It is a joint disease that is accompanied by inflammation of the synovium, the membrane that encloses the joint cavity. It is an autoimmune disease, meaning that the immune system begins to attack certain body structures. Rheumatoid arthritis causes excessive secretion of synovial fluid that will collect in the joint cavity and cause the swelling thereof. The joints mainly affected are the peripheral joints: hands, feet shoulders, elbows, wrists and knees.
The affected joints cause intense pain, stiffness and swelling. Simple everyday actions, such as opening a door or writing, can become restrictive and painful challenges.
KNOW MORE ABOUT RA
The main difference between rheumatoid arthritis and osteoarthritis, primary rheumatic disease, lies in the cause behind the joint symptoms. The inflammation in osteoarthritis is mainly due to mechanical wear. Conversely, it is the inflammation that will cause wear and tear on the joint in rheumatoid arthritis.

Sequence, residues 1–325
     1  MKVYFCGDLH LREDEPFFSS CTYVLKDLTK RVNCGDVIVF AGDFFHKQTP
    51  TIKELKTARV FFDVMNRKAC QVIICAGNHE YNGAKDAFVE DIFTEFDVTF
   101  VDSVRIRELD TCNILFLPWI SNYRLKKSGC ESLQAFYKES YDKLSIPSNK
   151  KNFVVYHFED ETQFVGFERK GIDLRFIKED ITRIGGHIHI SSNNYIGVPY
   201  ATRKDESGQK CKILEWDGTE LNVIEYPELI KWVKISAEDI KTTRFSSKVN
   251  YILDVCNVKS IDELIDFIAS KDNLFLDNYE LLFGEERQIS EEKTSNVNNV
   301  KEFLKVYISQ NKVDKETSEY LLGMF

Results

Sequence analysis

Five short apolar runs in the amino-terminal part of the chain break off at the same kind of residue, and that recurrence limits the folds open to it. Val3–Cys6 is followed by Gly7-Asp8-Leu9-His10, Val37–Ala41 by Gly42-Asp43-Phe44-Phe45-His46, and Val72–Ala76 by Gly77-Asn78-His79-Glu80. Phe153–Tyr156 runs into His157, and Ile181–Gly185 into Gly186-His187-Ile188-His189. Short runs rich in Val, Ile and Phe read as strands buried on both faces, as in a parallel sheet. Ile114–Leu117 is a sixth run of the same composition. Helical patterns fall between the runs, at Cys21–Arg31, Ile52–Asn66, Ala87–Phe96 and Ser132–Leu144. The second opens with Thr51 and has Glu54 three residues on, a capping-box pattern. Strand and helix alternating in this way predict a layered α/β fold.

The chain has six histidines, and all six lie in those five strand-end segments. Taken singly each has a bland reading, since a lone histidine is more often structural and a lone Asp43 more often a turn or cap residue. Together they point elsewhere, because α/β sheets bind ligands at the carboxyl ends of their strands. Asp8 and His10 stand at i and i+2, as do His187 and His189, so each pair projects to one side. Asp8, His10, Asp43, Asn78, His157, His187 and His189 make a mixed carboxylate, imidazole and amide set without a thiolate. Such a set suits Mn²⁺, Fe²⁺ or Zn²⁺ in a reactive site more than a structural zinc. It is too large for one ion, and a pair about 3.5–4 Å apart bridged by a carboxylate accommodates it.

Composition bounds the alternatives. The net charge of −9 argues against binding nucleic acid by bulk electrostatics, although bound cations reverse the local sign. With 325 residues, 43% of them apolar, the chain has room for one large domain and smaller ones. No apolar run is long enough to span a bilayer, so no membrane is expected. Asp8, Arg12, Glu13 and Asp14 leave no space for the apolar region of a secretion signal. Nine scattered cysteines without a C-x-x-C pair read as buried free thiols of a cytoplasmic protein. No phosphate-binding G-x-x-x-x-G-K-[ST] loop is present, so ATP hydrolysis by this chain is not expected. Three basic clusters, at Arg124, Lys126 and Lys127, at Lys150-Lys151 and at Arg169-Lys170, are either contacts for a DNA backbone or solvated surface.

The affected joints are also different. Osteoarthritis most commonly affects weight-bearing joints (knees, hips, etc.), whereas rheumatoid arthritis affects particularly the joints that attach your fingers to your hands and your toes to your feet and it may have repercussions on structures other than the joints.
In addition, osteoarthritis is generally seen in the elderly, while RA most often affects people between 40 and 60 years or young adults in rare cases.
Last updated: 8/9/17